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In a Refugee Crisis, These Arabic Children's Books can Connect the World

Julie Elis, Director of Room to Read Accelerator | June 09, 2018

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Jordan is a country the world rarely hears about – but should. 

Neighboring Syria, Iraq, the West Bank, and Saudi Arabia, Jordan sits at the crossroads of a region that has experienced generations of conflict, yet the country itself has become, for many, a refuge. Despite having one of the smallest economies in the Middle East, Jordan has opened its doors to millions uprooted by conflict and civil unrest.  

The wave of migrants first began in 1948 when hundreds of thousands of Palestinians sought refuge from the Arab-Israeli War. From 1975 through 1990, it became home to Lebanese fleeing civil war, and then to Iraqis amidst the 1991 Gulf War. Most recently, more than 660,000 Syrians have sought home in Jordan, fleeing a civil war that has ripped their country apart. An estimated 220,000 of these refugees are school-aged children.    

With this influx of people seeking refuge, Jordan’s population has ballooned. As a result, the Ministry of Education is working to educate more than half of a million students than it was equipped for. 

On top of this challenge, young readers also have an incredibly limited range of child-friendly books in their own language. What books do exist come with dense text, limited pictures and are expensive, making them inaccessible and difficult to early learners. These Arabic children’s books were often translated from English or Swedish, offering storylines that bear little resemblance to Jordanian or regional culture.   

Children need books they can relate to. They need characters who look and live like them. Early readers especially are more inclined to read books that are culturally relatable.   

Seeing an urgent  need for high-quality Arabic children’s books written for and by the people of Jordan, Room to Read approached Dubai Cares, a philanthropic organization that improves children's access to quality primary education in developing countries.    

What bloomed was a one-year project to train local authors and illustrators in partnership with three Amman-based publishers to develop 20 new children’s titles that both Jordanians and refugees would enjoy. 600,000 copies of these vibrant storybooks would later land in every primary school in Jordan, as well as in refugee camps, orphanages and other at-risk communities.    

You cannot be in Jordan without seeing or hearing about the refugee crisis. Everyone involved wanted to ensure that, in addition to providing incredible books to the children of Jordan, that we also support the refugees in need.  

Over this year-long project, Room to Read and its publishing partners had the privilege of watching humanity unfold both in person and on the page. At a Writers’ Workshop, led by Room to Read’s Associate Director of Literacy, Alisha Berger and consultant, Dina Elabd, connections formed. Jordanian authors spent time hearing from Syrian refugees – university students who had fled Syria and were willing to share their experience. As they shared their stories, writers had the opportunity to learn what it was like to live in Syria, leave home and begin to put down new roots in Jordan. Their experiences inspired many of the storybooks to come.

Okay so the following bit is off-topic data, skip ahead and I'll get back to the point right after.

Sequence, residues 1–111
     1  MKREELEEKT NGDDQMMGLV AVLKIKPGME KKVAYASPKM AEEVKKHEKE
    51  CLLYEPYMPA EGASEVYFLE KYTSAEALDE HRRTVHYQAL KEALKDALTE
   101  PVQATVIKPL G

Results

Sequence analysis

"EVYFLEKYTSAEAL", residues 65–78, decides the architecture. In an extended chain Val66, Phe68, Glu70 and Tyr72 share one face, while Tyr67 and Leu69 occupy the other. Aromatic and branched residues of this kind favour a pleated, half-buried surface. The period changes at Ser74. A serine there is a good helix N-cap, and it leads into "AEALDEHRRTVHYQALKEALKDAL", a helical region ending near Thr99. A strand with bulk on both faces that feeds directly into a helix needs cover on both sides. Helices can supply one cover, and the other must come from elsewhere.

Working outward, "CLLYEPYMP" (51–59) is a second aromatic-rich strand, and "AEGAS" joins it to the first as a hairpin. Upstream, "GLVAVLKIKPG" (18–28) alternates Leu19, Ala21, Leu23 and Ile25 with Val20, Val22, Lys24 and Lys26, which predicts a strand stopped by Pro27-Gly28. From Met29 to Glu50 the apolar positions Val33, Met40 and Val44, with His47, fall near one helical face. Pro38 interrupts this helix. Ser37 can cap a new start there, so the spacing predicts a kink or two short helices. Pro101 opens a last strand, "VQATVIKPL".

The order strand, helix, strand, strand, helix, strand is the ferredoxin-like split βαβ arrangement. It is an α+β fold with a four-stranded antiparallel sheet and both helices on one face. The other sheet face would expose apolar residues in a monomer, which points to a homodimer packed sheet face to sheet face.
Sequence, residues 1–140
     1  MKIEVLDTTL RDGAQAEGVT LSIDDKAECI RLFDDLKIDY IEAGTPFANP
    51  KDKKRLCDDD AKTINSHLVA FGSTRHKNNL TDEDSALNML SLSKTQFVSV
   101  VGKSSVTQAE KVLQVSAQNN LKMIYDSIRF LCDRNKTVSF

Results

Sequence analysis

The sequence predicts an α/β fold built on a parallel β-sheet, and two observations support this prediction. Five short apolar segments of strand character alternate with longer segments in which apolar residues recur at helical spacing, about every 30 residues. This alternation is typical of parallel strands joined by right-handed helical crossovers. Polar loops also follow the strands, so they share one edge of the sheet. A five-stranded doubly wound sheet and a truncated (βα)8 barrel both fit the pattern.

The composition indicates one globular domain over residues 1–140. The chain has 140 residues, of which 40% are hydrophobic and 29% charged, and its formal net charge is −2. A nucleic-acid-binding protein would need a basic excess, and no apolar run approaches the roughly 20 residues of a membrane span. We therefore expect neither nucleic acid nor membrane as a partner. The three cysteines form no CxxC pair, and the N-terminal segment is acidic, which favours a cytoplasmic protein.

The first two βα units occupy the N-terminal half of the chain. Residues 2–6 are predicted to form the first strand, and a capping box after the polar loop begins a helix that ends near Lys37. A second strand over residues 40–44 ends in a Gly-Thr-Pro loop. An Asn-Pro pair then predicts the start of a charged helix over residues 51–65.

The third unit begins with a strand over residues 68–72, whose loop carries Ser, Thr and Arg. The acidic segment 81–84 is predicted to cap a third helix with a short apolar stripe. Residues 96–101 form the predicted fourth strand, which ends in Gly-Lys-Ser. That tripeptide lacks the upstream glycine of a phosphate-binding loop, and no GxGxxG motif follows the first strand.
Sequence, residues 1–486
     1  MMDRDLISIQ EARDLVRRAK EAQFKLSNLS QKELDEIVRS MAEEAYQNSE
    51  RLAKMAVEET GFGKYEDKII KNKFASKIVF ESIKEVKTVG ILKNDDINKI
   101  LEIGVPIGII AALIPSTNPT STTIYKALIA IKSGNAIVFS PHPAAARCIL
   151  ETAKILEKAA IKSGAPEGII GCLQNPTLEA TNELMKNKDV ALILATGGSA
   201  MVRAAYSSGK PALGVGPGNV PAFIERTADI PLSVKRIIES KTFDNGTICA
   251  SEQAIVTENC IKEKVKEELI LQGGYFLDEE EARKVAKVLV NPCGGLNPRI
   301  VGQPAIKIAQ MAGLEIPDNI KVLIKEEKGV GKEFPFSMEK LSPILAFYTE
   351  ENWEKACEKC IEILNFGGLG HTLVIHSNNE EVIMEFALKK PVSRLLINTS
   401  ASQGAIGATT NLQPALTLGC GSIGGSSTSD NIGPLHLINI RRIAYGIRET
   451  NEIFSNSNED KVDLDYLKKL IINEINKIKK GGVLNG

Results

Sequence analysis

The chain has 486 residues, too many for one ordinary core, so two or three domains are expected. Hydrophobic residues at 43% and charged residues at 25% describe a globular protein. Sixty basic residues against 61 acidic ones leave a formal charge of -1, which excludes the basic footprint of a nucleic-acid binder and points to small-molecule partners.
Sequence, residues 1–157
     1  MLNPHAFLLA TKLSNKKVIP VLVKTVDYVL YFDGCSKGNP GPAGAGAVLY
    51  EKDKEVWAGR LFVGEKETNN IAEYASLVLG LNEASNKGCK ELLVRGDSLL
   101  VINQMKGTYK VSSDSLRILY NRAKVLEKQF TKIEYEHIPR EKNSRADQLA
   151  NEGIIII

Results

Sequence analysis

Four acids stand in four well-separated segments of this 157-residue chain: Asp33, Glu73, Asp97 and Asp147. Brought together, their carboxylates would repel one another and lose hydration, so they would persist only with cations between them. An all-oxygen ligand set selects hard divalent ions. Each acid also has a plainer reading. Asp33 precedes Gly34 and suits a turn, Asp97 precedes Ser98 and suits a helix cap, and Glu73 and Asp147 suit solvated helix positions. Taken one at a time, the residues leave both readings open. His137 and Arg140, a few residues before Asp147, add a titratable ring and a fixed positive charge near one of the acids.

Months later on the final day of the project, Room to Read and its publishing partners came together at Collateral Repair Project, an Amman-based organization that supports the local refugee community.  As the teams walked through the Collateral Repair Project’s small compound of buildings, children cozied into corners of rooms, eyes wide as they read some of the books from the collaboration, like "The Hen Farida," the tale of a hen who is driven to take on the duties of a rooster, or "The Plane that Brings Love," about a boy who becomes a jet pilot to shower his war-torn country with love instead of bombs.    

 Books, much like the people of Jordan, bring communities together. They help us understand the world and build bridges between cultures. They facilitate connection and compassion. They have the power to change the world.   

At an event held at the Children’s Museum of Jordan celebrating the launch of these 20 titles, the Jordanian Minister of Education, His Excellency Dr. Omar Al Razzaz, commented,  

"I was in a school yesterday in Jordan, in the center of Old Amman and the classroom had students from Yemen, Somalia, Iraq, Syria, Palestine and Jordan. There were seven nationalities in that third-grade group. I can tell you, these stories will make a huge difference for that classroom in making them understand that they have so much more to share than they have differences." He added, “You have set out to change the world with these books, and you have.”  

 Room to Read has developed more than 1,600 original titles in 30 languages and distributed more than 24 million books worldwide.   

For World Refugee Day, help us ensure every child has the right books to envision a life of endless possibilities, and escape on a flight of fancy through the magic of reading. 

Inside our project in Jordan